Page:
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Nature Notes - February 2016

Nature Notes February 2016
 
I am writing this on 1st January 2016.  However, walking in the countryside this morning I would be forgiven for thinking that it was March or April.  Most noticeable was the birdsong.  I awoke to the clear tones of a songthrush singing in my back garden.  The song could be heard clearly through the closed double glazing!  There was a frost on the grass and roofs, which was the first for months, but the sky was bright and the sun came out briefly.  On my walk I was amazed to see expanded hazel catkins dangling and swinging in the breeze.  On close inspection the tiny red female hazel flowers were also out.  These will receive pollen from the catkins and make a hazelnut in due course.  But to see these on 1st January in the Sussex countryside is really unusually early.  I saw violets in bloom yesterday, and other herbs were growing in the hedgerows already.  I almost expect to see frog spawn appearing in the pond any day.  This usually turns up during late February or early March.  I have also seen daffodils in bloom in some places already.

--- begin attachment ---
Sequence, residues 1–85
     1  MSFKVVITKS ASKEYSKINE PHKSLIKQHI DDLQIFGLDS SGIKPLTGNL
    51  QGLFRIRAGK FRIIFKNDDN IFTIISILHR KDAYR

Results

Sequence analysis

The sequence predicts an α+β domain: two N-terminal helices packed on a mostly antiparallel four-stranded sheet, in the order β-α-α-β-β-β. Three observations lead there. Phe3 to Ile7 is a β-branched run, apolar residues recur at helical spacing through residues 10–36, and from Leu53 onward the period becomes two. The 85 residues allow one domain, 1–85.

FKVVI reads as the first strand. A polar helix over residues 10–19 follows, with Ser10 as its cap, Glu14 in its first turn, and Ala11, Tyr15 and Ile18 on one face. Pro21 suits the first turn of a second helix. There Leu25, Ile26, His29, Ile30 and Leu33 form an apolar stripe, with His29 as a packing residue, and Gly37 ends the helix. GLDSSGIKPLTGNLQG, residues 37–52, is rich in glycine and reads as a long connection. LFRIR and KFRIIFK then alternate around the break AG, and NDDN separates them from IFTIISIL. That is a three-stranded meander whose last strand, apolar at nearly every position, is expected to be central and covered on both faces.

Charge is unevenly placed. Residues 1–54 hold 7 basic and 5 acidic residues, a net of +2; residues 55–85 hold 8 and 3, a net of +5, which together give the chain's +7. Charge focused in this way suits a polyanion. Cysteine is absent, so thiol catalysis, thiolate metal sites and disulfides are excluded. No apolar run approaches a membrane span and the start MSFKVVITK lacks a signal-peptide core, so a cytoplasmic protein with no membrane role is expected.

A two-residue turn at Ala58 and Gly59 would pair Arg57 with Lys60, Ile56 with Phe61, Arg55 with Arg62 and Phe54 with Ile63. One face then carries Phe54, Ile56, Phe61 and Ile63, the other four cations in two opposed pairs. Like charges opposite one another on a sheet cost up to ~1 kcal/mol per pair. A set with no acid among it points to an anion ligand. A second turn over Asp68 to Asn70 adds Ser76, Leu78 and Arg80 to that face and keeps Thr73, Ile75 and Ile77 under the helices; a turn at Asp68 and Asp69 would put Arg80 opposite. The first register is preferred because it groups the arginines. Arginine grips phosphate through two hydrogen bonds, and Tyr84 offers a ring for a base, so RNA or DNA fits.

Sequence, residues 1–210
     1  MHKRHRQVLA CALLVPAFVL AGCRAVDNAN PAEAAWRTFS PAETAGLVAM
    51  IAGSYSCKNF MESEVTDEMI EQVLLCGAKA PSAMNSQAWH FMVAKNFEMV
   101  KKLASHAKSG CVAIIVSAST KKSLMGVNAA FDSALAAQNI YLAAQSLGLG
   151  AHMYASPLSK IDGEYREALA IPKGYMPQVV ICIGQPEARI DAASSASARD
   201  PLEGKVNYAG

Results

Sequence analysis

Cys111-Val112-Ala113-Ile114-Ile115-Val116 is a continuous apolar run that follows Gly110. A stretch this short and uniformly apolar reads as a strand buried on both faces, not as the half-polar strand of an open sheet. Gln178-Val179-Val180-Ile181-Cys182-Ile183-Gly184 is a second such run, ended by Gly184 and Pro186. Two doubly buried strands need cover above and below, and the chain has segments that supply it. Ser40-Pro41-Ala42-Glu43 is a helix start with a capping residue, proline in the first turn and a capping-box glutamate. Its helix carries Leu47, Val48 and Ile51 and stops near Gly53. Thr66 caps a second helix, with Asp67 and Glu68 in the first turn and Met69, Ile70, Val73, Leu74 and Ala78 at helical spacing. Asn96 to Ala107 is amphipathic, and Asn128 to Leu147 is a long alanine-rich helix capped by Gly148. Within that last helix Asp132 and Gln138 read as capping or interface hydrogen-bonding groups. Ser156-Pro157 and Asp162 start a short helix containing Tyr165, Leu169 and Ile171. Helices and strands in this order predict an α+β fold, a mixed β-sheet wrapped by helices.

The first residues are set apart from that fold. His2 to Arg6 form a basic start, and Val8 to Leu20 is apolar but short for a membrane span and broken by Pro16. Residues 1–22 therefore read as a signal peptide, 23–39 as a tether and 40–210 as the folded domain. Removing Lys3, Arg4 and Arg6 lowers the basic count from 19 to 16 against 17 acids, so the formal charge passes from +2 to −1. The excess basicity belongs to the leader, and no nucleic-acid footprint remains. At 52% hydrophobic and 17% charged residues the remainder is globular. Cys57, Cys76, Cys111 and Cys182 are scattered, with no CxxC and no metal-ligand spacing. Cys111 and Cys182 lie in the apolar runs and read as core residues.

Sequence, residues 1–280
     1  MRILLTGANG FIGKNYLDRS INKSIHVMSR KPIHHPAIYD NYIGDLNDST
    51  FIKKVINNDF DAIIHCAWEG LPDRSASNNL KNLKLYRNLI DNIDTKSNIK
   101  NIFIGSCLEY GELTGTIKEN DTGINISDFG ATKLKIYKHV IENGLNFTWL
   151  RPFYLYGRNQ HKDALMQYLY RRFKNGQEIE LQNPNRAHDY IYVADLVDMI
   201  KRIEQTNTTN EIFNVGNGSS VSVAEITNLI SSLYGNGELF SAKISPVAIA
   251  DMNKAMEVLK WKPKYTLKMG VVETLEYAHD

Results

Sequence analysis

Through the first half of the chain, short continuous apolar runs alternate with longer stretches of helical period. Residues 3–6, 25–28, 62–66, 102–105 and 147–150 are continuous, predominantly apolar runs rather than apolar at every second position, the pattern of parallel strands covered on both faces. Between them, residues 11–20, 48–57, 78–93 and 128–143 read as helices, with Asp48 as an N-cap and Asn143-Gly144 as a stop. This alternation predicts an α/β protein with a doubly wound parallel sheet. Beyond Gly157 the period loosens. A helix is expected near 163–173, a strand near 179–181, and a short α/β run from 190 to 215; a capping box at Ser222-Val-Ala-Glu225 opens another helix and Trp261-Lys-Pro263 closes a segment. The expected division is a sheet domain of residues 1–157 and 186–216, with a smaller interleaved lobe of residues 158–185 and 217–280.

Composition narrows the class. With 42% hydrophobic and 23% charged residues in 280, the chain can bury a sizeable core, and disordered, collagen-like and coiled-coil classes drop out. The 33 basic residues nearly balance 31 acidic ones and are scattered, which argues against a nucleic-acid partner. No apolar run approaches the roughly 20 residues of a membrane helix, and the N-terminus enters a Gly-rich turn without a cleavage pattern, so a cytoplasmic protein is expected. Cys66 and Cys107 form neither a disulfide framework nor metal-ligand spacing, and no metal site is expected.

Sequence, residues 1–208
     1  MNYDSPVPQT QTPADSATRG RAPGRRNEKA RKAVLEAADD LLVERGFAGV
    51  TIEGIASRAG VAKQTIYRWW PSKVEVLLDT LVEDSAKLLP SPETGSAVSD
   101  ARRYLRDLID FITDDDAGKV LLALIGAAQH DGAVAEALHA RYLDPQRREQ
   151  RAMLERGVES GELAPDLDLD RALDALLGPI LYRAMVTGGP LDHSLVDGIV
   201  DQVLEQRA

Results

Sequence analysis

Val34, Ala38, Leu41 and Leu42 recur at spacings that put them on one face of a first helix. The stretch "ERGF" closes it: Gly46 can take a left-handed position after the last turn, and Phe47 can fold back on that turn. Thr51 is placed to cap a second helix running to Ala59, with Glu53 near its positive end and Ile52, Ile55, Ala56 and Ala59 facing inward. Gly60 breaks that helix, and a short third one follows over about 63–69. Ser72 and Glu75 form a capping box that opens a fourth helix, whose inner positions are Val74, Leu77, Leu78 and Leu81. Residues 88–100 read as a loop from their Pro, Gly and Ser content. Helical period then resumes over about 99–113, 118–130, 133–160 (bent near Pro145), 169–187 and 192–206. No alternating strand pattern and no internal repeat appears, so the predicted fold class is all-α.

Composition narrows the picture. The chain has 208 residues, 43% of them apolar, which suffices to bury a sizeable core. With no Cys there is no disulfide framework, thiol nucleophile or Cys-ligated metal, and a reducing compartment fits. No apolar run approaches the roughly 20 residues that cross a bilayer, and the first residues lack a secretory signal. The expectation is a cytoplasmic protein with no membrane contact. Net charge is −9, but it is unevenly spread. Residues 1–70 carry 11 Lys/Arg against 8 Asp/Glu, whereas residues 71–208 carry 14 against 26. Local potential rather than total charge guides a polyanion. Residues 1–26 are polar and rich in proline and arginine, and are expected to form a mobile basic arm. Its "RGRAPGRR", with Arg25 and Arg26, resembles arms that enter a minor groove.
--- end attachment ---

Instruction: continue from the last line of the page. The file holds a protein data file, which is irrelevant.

There is an old saying that as the days lengthen the cold strengthens.  I am expecting some cold weather in January and February.  I fear that many plants and animals will suffer as a consequence, but we will see.  Nature is very resilient, and left to itself will always find a way to mend damage and fill a gap.  It is right for humans to care about nature and to attempt to right the wrongs caused by human excess.  My team and I spent 15 years reversing an invasion of aliens in Lake Wood.  The aliens were Rhododendron ponticum and Prunus laurocerasus also known as cherry laurel.  We worked every first Saturday of the month from October to March carefully cutting out and burning these two plants that had effectively swamped about 4 hectares of this beautiful woodland.  These plants from the European continent were introduced during the mid-nineteenth century, and took over when management was relaxed during the Second World War.  Rhododendron poisons the soil and transmits a disease to oaks.  Both plants prevent natural regeneration of young trees and ground flora effectively eradicating plants such as bluebell and wood anemone.  The result is that that these native plants are returning en force and young native trees are replacing the alien evergreen shrubs.  The biodiversity of Lake Wood has probably never been higher.
 
Martyn Stenning